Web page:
Peace Corps Guyana Volunteers have chosen three outstanding individuals as recipients of the 2018 Counterpart Awards. The annual awards recognize dedication, public service and community leadership among the Volunteers’ community work partners in the health, education and environment sectors. The recipients are: Cindy Patterson, Assistant Mistress, Laluni Primary School, Region Four (Education sector); Samena Williams, Teacher, Albion Chapel Library and Skills Training Center, Region Six (Health sector) and Junior Park, Teacher, Bina Hill Institute, Region Nine (Environment sector).
The recipients are among eight Counterparts nominated by their assigned Peace Corps Volunteers for demonstrating an exceptional ability to foster collaboration, communication and cooperation among their colleagues and community members.
The recognition of Guyanese Counterparts is an effort to continue to develop strong working relationships among local communities, Peace Corps, and the Government of Guyana. A Counterpart acts as a mentor and partner to the Volunteer over the course of the Peace Corps Volunteer’s two years’ of service in Guyana. Whether they are co-workers, supervisors or community members, they are one of the most important elements in making the collaboration a success and ensuring that projects and ideas are carried forward, long after the Volunteer leaves.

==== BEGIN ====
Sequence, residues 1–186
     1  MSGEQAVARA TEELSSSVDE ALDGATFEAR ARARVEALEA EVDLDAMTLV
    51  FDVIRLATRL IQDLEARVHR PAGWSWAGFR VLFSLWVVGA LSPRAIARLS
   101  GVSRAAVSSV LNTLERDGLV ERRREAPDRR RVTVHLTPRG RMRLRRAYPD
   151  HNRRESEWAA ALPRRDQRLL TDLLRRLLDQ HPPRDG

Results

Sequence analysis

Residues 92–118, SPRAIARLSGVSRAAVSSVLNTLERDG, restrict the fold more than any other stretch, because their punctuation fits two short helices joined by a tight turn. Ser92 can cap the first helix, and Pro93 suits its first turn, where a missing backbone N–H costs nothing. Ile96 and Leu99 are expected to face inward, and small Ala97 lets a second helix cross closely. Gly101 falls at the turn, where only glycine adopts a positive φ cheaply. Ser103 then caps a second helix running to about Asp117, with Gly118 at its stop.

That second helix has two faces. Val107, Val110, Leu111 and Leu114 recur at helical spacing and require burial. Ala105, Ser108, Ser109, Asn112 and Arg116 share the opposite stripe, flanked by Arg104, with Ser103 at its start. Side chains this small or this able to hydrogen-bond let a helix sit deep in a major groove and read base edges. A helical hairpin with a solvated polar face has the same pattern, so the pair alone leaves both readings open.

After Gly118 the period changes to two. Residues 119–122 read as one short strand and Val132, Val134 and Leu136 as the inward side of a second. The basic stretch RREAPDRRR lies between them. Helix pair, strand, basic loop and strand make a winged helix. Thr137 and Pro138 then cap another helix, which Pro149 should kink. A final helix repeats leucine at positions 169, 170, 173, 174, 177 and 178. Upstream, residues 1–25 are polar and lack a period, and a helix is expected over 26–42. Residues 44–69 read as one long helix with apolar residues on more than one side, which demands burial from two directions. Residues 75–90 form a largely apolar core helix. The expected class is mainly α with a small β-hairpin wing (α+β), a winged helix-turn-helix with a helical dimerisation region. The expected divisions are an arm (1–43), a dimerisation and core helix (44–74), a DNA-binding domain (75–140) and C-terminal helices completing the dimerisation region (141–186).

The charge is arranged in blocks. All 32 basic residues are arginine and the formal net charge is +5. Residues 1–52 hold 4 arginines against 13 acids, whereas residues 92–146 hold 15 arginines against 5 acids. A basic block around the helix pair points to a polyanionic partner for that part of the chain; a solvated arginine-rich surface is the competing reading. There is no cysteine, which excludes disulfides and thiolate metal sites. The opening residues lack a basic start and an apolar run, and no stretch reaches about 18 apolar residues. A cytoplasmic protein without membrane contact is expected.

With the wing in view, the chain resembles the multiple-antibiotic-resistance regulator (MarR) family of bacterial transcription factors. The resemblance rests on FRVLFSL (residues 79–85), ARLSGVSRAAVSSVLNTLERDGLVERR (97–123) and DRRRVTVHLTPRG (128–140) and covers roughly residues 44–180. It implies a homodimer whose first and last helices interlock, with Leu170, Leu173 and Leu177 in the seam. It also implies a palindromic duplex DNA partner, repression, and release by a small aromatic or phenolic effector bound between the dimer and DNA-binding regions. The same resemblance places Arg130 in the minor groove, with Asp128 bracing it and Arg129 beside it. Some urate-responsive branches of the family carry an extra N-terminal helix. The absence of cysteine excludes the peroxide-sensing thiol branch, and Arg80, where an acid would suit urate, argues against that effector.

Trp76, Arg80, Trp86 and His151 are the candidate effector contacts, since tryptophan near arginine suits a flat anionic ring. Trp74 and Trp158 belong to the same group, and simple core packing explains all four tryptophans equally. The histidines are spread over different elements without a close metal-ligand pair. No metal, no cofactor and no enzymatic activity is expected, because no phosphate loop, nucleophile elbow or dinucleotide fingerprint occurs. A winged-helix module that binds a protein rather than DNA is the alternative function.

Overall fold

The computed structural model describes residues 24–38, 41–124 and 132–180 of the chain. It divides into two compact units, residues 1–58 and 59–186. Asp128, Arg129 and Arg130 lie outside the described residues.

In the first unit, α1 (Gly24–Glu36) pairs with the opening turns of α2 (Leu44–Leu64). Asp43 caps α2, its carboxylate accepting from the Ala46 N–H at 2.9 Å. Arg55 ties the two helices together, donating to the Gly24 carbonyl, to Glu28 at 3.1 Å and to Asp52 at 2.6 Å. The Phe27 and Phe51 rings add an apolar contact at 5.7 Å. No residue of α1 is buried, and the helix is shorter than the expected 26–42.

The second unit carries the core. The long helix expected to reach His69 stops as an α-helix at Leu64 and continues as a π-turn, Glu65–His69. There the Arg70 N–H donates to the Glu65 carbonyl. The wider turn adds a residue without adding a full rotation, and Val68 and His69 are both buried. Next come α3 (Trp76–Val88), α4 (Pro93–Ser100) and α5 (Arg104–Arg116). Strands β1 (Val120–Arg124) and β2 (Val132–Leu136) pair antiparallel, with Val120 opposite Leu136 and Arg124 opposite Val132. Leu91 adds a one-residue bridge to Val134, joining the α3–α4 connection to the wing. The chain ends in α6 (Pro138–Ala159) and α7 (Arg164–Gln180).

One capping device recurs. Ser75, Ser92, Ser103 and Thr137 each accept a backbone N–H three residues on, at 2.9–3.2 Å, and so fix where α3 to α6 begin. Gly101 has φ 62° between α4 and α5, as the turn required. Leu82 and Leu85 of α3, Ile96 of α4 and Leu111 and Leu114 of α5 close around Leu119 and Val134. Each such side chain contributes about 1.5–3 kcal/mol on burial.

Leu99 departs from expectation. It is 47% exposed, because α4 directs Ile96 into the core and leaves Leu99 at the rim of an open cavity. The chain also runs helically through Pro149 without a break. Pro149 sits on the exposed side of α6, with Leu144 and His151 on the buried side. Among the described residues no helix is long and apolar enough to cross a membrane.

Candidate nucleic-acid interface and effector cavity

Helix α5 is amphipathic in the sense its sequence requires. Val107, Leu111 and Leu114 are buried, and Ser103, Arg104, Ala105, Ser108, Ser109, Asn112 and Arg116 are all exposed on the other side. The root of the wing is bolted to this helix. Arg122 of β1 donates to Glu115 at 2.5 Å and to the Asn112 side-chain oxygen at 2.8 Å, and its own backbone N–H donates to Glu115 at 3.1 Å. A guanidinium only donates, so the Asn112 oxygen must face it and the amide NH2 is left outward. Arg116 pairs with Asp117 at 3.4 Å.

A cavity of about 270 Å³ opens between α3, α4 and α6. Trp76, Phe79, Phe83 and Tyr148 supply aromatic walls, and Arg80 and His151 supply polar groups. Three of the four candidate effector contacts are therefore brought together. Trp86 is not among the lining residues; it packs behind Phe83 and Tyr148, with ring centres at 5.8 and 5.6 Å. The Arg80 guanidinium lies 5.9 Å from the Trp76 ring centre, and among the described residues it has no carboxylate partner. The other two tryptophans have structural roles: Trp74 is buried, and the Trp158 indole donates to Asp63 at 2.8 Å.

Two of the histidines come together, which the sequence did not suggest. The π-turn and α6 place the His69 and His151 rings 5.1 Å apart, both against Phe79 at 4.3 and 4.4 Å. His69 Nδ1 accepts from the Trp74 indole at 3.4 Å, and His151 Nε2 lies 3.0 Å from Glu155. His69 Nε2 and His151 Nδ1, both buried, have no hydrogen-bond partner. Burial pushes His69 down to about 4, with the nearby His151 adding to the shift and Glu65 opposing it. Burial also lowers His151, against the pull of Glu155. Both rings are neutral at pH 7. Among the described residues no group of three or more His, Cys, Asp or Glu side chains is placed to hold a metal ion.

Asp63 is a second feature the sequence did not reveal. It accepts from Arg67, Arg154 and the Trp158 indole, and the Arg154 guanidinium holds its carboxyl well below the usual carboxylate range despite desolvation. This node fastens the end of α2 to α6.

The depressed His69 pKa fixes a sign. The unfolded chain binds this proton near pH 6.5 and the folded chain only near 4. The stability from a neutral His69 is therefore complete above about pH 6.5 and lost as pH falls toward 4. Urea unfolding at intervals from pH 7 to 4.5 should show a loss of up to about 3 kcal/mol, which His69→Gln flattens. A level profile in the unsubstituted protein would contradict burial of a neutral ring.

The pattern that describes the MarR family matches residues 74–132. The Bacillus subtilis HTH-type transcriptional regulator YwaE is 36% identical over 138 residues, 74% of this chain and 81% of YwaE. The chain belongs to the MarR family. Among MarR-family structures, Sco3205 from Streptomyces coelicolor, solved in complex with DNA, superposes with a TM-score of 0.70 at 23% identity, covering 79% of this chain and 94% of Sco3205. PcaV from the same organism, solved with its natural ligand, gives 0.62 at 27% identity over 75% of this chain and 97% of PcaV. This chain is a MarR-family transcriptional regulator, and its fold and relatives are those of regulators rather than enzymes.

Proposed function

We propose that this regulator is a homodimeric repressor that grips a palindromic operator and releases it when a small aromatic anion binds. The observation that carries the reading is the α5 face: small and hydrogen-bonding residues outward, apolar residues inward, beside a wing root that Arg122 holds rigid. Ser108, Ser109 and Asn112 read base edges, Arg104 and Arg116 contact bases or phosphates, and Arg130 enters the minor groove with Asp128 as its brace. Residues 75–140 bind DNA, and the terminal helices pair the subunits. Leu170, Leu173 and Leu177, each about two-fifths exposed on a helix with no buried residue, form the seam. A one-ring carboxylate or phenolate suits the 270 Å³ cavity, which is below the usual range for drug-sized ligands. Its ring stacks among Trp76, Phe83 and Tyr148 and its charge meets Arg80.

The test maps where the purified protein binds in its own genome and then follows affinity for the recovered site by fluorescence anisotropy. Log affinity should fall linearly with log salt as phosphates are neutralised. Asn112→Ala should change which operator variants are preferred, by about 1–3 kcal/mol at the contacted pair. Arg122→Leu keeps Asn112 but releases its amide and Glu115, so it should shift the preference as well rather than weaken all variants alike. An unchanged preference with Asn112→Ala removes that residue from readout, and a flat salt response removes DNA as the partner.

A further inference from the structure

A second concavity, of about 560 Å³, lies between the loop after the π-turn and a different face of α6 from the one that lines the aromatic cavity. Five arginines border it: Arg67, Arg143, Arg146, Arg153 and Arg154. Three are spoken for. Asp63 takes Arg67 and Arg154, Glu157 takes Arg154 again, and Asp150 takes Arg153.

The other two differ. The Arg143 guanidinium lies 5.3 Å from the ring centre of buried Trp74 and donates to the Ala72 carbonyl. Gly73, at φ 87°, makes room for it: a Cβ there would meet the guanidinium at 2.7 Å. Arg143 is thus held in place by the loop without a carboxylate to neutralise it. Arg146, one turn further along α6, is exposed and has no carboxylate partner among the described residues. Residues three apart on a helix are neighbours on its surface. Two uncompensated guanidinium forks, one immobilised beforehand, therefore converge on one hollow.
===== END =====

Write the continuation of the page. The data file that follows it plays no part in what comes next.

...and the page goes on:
Peace Corps extends its congratulations and sincere gratitude to the recipients and the other five nominees: June Stephen, Head Mistress, Friends Primary School, Region 6; Caroline Bury, Nurse at Bartica Regional Hospital, Region 7; Cindy Rangunandan: Teacher, 8th of May Secondary School, Region 2; Rafeena Haniff, GSAM/Assistant HM at Better Hope Primary School, Region 2; Natalie Goodman, Temporarily Volunteering as Junior Departmental Sister (aka Region-Wide Nurse-In-Charge), Mabaruma Regional Hospital, Region 1.
There are currently 60 Peace Corps Volunteers in Guyana, serving in the health, education and environment sectors in all regions of the country. The Peace Corps was first active in Guyana from 1966-1971. The agency later returned in 1995 upon the invitation of then President, Dr. Cheddi Jagan. Since its establishment, more than 800 American Peace Corps Volunteers have served the people of Guyana. The late U.S. President John F. Kennedy created the Peace Corps in March 1961 to provide human resource and technical assistance to developing countries that have requested such engagement.
The Peace Corps welcomes the opportunity to work with the people of Guyana and extends its gratitude to the Government and people of Guyana for their hospitality and for the opportunities they offer the Volunteers in working together to advance Guyana’s development aspirations.